Special session starts 4 p.m. today | NevadaAppeal.com

Special session starts 4 p.m. today

Geoff Dornan, Appeal Capitol Bureau

Saying the state needs a tax plan that will fund operations of state government, Gov. Kenny Guinn ordered lawmakers back to work today.

He called a special session beginning at 4 p.m. – just 14 1/2 hours after the 2003 regular session adjourned, directing them to finish their business by 5 p.m. Friday.

The Nevada Constitution mandates an end to the regular session at midnight on the 120th calendar day. Only the governor can call a special session beyond that point.

Guinn said the initial agenda will be strictly limited to the public education funding measures which failed to pass and the tax plan needed to raise $860 million and balance the state’s $4.92 billion general fund budget over the next two years.

He can expand that agenda at any time during the special session and said there are “a few bills, maybe 9 or 10” which deserve to survive and become law.

“We’ll give consideration to those after we come to a conclusion to our tax problem,” he said serving notice lawmakers will get those measures only when they agree to fund the budget.

Recommended Stories For You

He made it clear the budget bills will not be reopened for lawmakers to consider — cutting off the hopes of tax opponents who say the answer is not raising taxes but cutting programs.

Asked about the claims of business lobbyists that they can hold everything up until he agrees to reopen and cut the budget, Guinn said, “I’m not going to respond to that.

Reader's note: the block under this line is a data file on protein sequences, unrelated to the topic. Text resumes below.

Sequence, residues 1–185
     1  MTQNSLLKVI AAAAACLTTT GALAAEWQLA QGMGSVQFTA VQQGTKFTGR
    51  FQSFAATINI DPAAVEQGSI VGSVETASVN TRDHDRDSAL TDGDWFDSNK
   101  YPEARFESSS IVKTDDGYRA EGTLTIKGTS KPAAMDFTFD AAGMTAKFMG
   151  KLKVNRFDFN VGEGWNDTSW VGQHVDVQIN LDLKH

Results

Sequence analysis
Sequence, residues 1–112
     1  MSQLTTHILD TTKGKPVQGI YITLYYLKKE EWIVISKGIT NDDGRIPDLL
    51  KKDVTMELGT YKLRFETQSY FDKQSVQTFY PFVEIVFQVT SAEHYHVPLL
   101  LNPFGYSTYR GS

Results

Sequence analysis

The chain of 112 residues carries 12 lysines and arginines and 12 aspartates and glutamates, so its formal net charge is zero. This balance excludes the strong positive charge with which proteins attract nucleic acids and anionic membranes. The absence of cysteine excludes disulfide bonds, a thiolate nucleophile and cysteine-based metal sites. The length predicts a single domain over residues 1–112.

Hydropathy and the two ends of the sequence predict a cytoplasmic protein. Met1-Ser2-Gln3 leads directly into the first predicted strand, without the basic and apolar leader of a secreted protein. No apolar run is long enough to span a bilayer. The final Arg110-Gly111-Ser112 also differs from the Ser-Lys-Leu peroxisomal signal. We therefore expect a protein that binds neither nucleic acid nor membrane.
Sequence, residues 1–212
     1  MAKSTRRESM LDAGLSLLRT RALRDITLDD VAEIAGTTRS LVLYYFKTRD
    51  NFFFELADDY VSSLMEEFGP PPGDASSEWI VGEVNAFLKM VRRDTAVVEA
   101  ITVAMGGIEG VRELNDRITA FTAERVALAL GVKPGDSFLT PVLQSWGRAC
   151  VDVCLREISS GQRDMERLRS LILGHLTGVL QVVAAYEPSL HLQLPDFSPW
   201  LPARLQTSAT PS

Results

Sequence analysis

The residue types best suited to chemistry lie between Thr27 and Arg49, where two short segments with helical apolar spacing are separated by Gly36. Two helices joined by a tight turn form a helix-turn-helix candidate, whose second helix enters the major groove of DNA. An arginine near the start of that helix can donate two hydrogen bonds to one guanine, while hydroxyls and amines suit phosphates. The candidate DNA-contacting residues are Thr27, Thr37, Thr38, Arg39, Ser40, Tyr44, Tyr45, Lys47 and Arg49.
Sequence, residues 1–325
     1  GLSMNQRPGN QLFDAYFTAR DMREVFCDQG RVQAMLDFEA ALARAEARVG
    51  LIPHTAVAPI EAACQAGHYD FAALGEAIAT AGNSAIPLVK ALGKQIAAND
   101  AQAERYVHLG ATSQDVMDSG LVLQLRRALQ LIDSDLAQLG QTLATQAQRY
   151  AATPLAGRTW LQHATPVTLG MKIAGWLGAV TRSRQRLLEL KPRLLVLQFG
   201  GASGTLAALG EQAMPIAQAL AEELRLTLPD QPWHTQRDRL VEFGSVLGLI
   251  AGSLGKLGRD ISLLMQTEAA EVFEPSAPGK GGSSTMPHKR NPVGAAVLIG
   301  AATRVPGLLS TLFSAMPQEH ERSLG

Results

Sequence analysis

Guinn said he is still looking not for a Bandaid but “a solution that will be an advantage to the state for years to come.”

Other than a universal tax on services, he said he hasn’t ruled out anything.

“There are six or seven that have been projected,” he said. “Hopefully we’ll end up with abroad-based business tax.”

Senate Majority Leader Bill Raggio, R-Reno, said a wide range of ideas will be looked at including payroll taxes, sales taxes, room tax increases, a net profits tax similar to that proposed by teachers in 2001.

He said there are different levels of support for all those tax proposals and that lawmakers will just have to see which can finally win two-thirds support in the Senate and Assembly.

He also indicated he doesn’t see major cuts in the budget as the answer.

“Everybody likes a tax that doesn’t affect them,” he said. “But at this time in the state’s economy — the needs, growth — we have to fund the state’s economy.”

Go back to article